I recently had the honor of attending the Pioneer Natural Resources gift recognition ceremony on UK’s campus. The Department of Earth & Environmental Sciences (EES), in partnership with UK alumnus and Pioneer’s Vice President of Technology Tom Spalding, accepted a $600,000 gift from the company. The gift, which is intended to be spread over the next three years, will fund the Pioneer Natural Resources Research Professorship in Stratigraphy, as well as a three-year recruiting fellowship. Ellen Kaiser a first-year student in EES is the first recipient of this award. Pioneer is a large independent oil and gas exploration company based in Dallas, with operations in Texas, Colorado, Alaska, and South Africa.
Carl Nathe recently interviewed one of our own faculty members for his UK at the Half segment, which airs during each UK football game. He spoke with Ann Kingsolver, Director of the UK Appalachian Center and anthropology professor, about her work in the area. Kingsolver is excited to be part of the Center and the Appalachian Studies Program and is busy exploring ways to become more involved in the community – for the university, faculty, and students. She stresses the importance of interdisciplinary work and research at the Appalachian Center in looking at complex issues throughout the region. Her hope is to build strong partnerships with local communities which would also allow students attending classes at UK to work in their local communities in the region.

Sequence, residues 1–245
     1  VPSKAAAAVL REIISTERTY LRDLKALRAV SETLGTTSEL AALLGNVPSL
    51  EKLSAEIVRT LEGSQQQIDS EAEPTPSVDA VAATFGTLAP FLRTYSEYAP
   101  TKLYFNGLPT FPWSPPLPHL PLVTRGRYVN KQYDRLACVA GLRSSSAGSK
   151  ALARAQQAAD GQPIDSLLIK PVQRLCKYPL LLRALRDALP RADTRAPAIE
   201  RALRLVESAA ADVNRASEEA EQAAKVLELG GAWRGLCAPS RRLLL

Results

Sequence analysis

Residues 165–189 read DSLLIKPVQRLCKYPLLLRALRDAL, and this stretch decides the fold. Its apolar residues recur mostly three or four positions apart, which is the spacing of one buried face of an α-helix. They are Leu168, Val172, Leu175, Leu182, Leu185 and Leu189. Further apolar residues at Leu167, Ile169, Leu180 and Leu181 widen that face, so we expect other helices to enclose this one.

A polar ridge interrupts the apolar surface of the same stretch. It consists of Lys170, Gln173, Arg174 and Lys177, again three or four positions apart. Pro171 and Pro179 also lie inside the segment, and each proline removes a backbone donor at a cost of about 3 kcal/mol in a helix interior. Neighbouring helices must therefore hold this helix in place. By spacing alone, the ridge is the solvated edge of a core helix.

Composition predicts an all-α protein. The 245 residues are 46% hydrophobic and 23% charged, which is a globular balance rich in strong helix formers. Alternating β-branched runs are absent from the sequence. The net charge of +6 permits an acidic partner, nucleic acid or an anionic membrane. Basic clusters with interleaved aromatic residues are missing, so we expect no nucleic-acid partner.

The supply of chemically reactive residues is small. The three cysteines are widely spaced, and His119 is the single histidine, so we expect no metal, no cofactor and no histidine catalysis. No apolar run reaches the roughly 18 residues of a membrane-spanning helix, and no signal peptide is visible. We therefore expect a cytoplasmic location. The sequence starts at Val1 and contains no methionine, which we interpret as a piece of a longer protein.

Look for the interview during the UK at the Half segment during this Saturday’s UK vs. Mississippi State football game!
I found this eye-opening article from Wired Campus (link at end of article). It discusses how synchronous online classes are raising questions about what is appropriate "Netiquette," since people are eating or lying down while on the webcam, and in one instance, a nude spouse walked by in the background! I have experienced similar things in my online courses, where students leave their mics on while talking to their children or spouse, or have a TV playing behind them. Part of the benefit of taking online courses is being able to interact from the comfort of your own home, but how "comfortable" do we really want students to be? I think it's obvious that students probably shouldn't eat or watch TV while in the class session, but can we really restrict whether or not their children cry or dogs bark in the background? Didn't we offer them online courses so that they could still take care of their children or other responsibilities and stay home? I've also noticed several students who log in from work, and you can see other employees in the background. Is this acceptable? Do we need to accept it because we want online courses to be accessible for stay-at-home moms or working professionals, even if it is distracting and detracts from their and others' education?
This goes under the, ‘of course, why didn't I think of that’ category. Facebook is building a data center near the Arctic circle. They’ll use artic air to help keep all those servers nice and cool. Which brings up two questions: Will the heat generated from all those servers effect the local climate? And, can you like Facebook on Facebook?